commodity monies without actually eliminating these commodity monies.
As trade continued to expand, however, the power to issue notes
was increasingly transferred to governments and the link with
commodity monies became increasingly tenuous. Eventually paper
notes evolved into fiat monies, i.e., unbacked paper monies officially designated as legal tender. Moreover,
the link between the precious metal content of coins and the
face value of coins also became tenuous. Indeed, many coins in
use today in the world are referred to as token coins because the amounts of silver and other precious metals they contain (i.e., their intrinsic values) are far below their face values.
For a report on the precious metal content of U.S. coins, see
As Mishkin details, the use of fiat money in trade is itself subject
to several difficulties: in particular, expense of transport, and
risk of theft. Attempts to combat these difficulties led to
the invention of checkable demand deposits. More recent innovations
include electronic means of payments (EMOPs), which permit value to be transmitted electronically, and electronic monies (e-monies), which permit value to be stored electronically.
In summary, the nature of monies used in monetary payment systems
has tended to evolve over time from commodity money, to fiat money,
to checkable demand deposits, to EMOPs, and most recently to
e-monies. At this point in time, all of these forms of money are
used to varying extents in different parts of the world. Whether
the earlier forms of money will ever be entirely eliminated by the
later forms remains to be seen.
In the U.S. today, dollar bills and coins are together referred
to as currency. As will be clarified later in the course, dollar bills (Federal Reserve notes) are issued by each of the
twelve banks constituting the Federal Reserve System (Fed), the central bank of the US. Coins are also put into circulation by the Fed, but they are minted by the U.S. Treasury (part of the Executive Branch of the U.S. Federal government).
In value terms, however, currency represents only a small part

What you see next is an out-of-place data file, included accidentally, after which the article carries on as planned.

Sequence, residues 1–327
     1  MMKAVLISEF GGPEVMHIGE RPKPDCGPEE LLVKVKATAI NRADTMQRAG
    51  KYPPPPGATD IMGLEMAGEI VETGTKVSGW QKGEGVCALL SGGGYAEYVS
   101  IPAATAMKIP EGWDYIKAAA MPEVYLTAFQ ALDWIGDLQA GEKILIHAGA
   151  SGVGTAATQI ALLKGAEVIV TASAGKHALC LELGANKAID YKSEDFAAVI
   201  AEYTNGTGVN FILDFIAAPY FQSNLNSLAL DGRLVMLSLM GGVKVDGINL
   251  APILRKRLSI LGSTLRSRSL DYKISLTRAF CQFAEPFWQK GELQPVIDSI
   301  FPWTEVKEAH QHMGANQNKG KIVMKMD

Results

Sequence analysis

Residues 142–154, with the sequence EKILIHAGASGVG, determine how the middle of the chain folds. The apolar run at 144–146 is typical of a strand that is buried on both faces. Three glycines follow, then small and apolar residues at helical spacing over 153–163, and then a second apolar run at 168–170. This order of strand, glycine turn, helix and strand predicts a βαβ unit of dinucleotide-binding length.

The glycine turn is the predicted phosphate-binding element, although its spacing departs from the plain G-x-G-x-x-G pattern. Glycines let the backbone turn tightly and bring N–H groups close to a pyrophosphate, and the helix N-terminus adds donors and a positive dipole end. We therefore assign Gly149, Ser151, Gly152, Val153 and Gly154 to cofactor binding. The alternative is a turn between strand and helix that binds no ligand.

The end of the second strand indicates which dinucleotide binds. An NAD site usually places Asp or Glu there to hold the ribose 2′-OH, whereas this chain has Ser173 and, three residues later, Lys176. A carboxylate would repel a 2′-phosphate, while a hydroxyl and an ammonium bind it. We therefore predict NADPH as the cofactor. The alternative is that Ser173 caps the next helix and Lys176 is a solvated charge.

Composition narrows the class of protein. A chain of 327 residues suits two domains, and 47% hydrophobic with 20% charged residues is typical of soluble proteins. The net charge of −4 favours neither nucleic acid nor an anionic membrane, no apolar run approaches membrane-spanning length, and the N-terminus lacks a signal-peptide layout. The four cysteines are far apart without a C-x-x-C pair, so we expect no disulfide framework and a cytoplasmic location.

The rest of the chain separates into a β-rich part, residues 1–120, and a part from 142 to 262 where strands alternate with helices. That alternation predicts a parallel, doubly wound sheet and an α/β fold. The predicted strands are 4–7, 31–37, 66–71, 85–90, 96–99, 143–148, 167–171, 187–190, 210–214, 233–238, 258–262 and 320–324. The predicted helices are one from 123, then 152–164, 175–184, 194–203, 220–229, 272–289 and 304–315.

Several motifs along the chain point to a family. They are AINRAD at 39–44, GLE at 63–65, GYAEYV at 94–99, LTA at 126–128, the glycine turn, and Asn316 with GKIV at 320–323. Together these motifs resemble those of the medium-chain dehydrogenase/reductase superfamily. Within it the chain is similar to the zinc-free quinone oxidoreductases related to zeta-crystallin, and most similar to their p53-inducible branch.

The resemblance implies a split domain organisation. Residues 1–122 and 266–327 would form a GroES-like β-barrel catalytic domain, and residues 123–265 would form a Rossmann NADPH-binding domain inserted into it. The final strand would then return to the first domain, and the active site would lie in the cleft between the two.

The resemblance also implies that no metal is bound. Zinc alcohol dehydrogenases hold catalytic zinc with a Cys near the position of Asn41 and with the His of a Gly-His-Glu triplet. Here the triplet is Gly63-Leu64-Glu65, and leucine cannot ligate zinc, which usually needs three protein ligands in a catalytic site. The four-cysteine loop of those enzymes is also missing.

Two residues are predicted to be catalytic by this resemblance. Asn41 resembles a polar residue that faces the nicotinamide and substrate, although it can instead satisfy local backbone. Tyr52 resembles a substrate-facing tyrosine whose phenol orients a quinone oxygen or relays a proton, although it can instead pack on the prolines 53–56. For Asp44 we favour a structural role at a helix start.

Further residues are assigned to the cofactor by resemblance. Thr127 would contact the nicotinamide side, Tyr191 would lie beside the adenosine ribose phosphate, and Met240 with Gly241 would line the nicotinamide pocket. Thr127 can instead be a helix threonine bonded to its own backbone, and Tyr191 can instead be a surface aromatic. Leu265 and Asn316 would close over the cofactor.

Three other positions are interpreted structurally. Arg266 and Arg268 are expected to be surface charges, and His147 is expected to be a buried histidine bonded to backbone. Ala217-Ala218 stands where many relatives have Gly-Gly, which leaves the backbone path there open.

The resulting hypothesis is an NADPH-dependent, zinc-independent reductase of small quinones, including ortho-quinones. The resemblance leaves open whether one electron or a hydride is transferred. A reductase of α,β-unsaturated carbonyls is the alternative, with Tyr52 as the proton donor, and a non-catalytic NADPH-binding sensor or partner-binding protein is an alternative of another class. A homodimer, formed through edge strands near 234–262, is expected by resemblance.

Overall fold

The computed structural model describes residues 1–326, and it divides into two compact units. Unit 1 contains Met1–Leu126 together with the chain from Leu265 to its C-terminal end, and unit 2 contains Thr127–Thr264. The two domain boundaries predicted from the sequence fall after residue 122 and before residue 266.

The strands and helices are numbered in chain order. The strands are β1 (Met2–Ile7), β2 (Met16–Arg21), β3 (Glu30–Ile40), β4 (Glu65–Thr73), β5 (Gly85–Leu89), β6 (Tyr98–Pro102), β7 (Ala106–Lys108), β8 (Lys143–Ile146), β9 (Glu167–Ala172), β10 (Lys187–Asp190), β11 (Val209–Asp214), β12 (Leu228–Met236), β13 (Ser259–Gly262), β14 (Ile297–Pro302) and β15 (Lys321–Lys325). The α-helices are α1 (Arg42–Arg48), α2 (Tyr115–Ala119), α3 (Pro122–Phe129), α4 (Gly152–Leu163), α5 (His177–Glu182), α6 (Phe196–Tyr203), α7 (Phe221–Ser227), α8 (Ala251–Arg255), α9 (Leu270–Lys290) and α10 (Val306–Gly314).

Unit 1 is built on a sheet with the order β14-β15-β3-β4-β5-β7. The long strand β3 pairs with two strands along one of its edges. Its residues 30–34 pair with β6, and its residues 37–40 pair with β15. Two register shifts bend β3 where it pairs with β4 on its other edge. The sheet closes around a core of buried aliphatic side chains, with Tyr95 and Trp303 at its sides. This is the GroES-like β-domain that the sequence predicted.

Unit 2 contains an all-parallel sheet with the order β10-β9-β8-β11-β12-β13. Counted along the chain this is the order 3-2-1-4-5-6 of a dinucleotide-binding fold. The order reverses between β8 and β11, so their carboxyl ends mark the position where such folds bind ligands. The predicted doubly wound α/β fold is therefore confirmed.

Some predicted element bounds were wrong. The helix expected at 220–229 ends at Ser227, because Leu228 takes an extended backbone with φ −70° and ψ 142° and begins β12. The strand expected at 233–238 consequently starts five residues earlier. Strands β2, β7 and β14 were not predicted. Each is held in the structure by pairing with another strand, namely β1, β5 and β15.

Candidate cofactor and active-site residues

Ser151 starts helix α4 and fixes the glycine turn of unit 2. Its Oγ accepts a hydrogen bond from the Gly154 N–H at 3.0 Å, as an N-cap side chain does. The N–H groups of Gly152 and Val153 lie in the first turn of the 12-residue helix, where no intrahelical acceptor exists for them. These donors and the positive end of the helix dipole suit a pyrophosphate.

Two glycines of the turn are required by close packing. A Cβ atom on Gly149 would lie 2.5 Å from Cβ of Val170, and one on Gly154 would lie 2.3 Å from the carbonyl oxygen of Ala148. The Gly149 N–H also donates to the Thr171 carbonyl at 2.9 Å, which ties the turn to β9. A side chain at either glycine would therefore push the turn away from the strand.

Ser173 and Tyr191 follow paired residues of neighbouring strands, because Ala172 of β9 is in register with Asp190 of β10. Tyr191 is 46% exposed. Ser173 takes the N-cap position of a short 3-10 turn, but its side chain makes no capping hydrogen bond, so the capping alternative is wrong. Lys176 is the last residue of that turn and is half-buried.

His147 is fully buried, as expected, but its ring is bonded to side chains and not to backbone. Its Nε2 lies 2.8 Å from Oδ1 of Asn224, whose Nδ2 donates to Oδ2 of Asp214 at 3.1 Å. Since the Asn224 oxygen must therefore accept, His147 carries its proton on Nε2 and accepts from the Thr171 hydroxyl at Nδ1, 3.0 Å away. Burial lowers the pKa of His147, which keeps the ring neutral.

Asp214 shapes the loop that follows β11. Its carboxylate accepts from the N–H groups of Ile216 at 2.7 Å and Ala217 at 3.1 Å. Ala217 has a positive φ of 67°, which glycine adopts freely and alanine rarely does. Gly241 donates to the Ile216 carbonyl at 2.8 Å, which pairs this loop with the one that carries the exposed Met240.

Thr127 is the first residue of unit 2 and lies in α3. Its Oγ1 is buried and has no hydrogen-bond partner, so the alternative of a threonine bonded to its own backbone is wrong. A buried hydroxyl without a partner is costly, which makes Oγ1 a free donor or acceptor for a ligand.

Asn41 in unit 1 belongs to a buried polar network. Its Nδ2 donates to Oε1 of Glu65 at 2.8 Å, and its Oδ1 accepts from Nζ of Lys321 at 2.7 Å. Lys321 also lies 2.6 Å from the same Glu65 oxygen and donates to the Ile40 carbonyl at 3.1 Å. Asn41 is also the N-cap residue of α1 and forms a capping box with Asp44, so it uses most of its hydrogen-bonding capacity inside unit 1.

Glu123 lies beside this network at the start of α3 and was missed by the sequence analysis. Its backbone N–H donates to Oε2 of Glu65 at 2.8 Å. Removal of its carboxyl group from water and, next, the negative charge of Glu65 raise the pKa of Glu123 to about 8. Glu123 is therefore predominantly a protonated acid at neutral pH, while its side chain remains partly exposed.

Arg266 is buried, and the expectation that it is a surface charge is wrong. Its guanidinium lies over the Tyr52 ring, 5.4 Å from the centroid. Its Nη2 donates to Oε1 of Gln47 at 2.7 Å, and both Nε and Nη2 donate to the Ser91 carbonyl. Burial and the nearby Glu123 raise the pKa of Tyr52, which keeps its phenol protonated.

of what is used in the U.S. today as money. For this reason, the Fed
makes use of various broader measures of the money supply.
Accurate measurement of the money supply is important for the
- Changes in the money supply are thought to have rather immediate effects on short-term interest rates (e.g., the Federal funds rate), intermediate-run effects on key macro variables such as real GDP, and longer-run effects on other key macro variables such as the aggregate price level and the inflation rate.
- The Fed has some ability to manipulate and control the money
supply (hence short-term interest rates) through open-market operations, i.e., sales and purchases of government bonds to and from the private sector. Thus, by appropriately managing
the money supply (and short-term interest rates), the Fed can exert some longer-run control over key macro variables.
- NOTE: Monetary policy refers to the efforts of central banks such as the Fed to control key macro variables through the management of the money supply and (short-term) interest rates.
- Without an accurate measurement of the money supply, however, it
is difficult for the Fed to judge the effectiveness of its monetary
policy. To judge this effectiveness, the Fed must first be able to
measure the extent to which it has succeeded in changing the money
supply in accordance with its plans. Second, the Fed must be able
to measure the extent to which these changes in the money supply
have had intended effects on key macro variables.
There are two basic ways of measuring money: the
"theoretical approach" and the "empirical approach."
- The Theoretical Approach to Money Measurement:
- The theoretical approach to money measurement tries to use economic
theory to decide which assets should be included in the measure of money. In particular, the theoretical approach focuses on the relative "moneyness" of assets -- in particular, the degree to which assets function as mediums of exchange.
- Traditionally, advocates of this theoretical approach have argued
that only those assets that clearly function as a medium of exchange
should be counted in the measure of money. Unfortunately, however,
many assets function as a medium of exchange to some degree and the
appropriate cut-off point is not clear.
- More recently, however, economists have argued for a "weighted
aggregate" approach to the measure of money.
- In the latter approach, all assets functioning to some degree as a medium of exchange are included in the measure of money. However, each of these assets is weighted, with assets that function more as a medium of exchange receiving a relatively larger weight. This eliminates the need to specify a sharp threshhold determining which assets are included or excluded from consideration. However, one is still left with the problem of how to select specific weight magnitudes for the included assets.